Chicago Red Stars defender Arin Gilliland's day begins at 8:45 a.m.
It takes her, without traffic, about 10 minutes to make the drive from her home in Westmont, Ill., to the Red Stars' training facility in nearby Oak Brook.
By 9:45 she's hit the field for practice and by 12:30 p.m. she's done. For the day.
"I kind of went crazy," Gilliland said about the change of schedule from her days at the University of Kentucky. "For the first month not knowing what to do with my free time. I tried to find little hobbies like writing pen pals and I became an avid Netflix watcher."
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The transition off the field for Gilliland wasn't easy.
It played out differently on the field.
Ten games into the Red Stars' season, she has played the fourth-most minutes on the team and has notched one assist, two shots on goal and seven shots total.
At the season's halfway point, the Red Stars (6-1-3) are in first place in the National Women's Soccer League after Sunday night's 2-1 win at Houston.
"It's a constant battle to see who's on the field," Gilliland said over the phone from Chicago. "Every training makes you better. I think that's what everybody in this league lives for. You go to training and it's competition everyday. If you're a soccer guru like I am, that's all you can ask for. Having a competitive atmosphere everyday."
That competitiveness helped her become the No. 8 pick of the 2015 NWSL Draft.
Gilliland departed Lexington as the greatest women's soccer player to don the blue and white. Her coach at UK, Jon Lipsitz, went so far as to claim that she'll be in the UK Hall of Fame within five years.
In four years as a Cat, Gilliland scored 30 goals and set UK records with 278 shots and eight career game-winning goals.
"Yeah I do," Gilliland said when asked if she missed college. "I miss the rivalries between certain schools. But I don't miss some teams that you play. ... I don't want to say that you're wasting your time, but the talent isn't as good and you kind of can get bored with a game."
As a professional soccer player, it's doubtful that she'll find herself bored again. Do that, and she may find herself out of a job — a harsh reality for the rookie who has National Team aspirations.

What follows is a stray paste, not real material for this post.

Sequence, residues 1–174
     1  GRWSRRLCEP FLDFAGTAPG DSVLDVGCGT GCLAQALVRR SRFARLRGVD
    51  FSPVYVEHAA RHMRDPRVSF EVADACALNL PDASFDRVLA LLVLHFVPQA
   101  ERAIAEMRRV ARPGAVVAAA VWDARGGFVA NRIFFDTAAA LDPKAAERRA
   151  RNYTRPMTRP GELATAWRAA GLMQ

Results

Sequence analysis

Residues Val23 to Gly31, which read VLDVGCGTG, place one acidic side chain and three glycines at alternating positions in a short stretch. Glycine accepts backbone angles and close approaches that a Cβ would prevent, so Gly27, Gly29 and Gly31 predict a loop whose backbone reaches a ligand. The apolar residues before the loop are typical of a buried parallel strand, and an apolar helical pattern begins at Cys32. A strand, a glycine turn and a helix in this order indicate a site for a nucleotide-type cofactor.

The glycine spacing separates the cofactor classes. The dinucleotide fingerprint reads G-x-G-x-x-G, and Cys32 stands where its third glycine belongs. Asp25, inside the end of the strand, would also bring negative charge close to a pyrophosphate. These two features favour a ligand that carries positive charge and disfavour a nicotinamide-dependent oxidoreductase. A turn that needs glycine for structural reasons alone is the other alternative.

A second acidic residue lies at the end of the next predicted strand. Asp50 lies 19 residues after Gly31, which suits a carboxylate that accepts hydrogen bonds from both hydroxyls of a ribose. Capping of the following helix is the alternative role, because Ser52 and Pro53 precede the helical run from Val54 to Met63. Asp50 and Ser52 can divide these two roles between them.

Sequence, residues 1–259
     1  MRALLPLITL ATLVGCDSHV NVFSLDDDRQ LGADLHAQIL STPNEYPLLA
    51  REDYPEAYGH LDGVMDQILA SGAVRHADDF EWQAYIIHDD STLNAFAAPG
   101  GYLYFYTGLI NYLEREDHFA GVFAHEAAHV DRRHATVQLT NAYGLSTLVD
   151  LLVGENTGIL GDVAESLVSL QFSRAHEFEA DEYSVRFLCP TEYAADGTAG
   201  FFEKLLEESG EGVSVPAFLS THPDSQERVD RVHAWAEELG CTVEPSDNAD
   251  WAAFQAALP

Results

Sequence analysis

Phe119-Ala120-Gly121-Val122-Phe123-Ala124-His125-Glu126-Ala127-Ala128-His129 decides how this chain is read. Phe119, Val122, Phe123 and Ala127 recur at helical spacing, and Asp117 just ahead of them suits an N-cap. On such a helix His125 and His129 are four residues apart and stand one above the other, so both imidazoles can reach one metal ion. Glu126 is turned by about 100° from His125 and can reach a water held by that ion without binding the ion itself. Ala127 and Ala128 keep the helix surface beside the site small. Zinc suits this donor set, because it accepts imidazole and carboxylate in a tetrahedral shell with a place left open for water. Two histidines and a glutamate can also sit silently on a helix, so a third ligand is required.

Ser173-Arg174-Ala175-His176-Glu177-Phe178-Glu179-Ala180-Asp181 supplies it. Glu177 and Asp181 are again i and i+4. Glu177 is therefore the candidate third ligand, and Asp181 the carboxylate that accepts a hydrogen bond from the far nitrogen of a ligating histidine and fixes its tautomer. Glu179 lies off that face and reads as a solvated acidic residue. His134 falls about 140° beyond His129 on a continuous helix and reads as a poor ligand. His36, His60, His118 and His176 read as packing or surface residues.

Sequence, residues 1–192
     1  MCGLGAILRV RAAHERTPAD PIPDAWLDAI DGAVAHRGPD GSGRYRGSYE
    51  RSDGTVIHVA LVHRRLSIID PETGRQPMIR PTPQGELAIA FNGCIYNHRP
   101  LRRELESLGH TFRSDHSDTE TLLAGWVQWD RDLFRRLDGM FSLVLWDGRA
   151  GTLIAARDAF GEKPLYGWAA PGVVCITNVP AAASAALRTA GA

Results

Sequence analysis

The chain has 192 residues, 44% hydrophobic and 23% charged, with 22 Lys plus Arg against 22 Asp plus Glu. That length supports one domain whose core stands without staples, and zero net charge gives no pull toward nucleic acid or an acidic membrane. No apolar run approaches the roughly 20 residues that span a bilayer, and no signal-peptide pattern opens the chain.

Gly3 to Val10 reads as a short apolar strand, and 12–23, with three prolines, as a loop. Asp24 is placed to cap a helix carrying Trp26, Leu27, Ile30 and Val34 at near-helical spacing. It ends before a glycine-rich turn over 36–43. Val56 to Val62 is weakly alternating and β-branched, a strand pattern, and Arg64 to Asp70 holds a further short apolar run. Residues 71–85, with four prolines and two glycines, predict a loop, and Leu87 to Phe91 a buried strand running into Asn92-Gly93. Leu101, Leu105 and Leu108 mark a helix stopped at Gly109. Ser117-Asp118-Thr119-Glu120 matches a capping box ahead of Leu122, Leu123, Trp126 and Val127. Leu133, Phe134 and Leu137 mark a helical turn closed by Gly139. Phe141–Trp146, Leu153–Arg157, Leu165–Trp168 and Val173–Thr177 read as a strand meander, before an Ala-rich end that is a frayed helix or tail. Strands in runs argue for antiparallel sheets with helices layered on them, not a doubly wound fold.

"These girls look at training like it's a business," she said. "It's their job and they're not messing around. They want to be on the field, there's not a single person who just wants to be a practice player or play a supporting role."
No player wants to be stuck in that supporting role. Not just because of the lack of playing time, but the lack of pay. Reserve players receive no pay, and the pay isn't much better for players under contract.
Data analysis website Atlas crunched the salaries for the five major team sports and the NWSL. The minimum salary for the NHL is $500,000; the NBA, $507,336; MLB, $500,000; the NFL, $420,000; Major League Soccer, $60,000.
And for the NWSL: $6,842, with the reported maximum salary of $37,800.
The 2015 Federal Poverty Level for individuals is $11,770, which is why many of the players take a second job. Gilliland has taken up personal training, not just to fill her free time, but to help supplement a meager soccer salary.
"It's not what we would like," she said. "But it's a league that's still growing and it's enough to get us by. Every girl obviously doesn't play for the money. We play for the love of the game and we want it to continue to grow. It is kind of crappy when we see how much the National Team girls are making and we're not making as much."
All that does, however, is serve as motivation for Gilliland, who has some experience at the national level. She took part in training camps for the U23 Women's National Team in 2014.
Her goal, like every American women's soccer player, is to represent the U.S.
"I would like to start getting my looks in," Gilliland said. "But I'm not sure how many times they will be bringing in new faces because they just did win a (World Cup). I'm not sure how much they're going to want to change it."
But she doesn't have to look far for national level competition. Four of her Chicago teammates are World Cup champions: Julie Johnston, Christen Press, Lori Chalupny and Shannon Boxx. Four more played for other nations in the World Cup.
Getting the players back, Gilliland said, will be a boost for the league, which took a hit while the World Cup was going on.
"Having the World Cup this year put a damper on the growth that it was having," she said of the league. "Just because people pay to come see the girls that they see on the posters for the U.S team. That's who they advertise for and those people aren't here."
Having those players back will hopefully fill the stands at Benedictine University Sports Complex, the home of the Red Stars.
"Getting those girls back, now that they've won," she added. "People will be stoked to come out and see them."
Gilliland hopes to add a World Cup to a soccer résumé that included a 2014 ESPNW Female Athlete of the Year nod.
But, she's taking it a year at a time.
"Hopefully within this next year or two I can get my looks in and my foot in the door," Gilliland said. "I want to make a name for myself, that's the plan."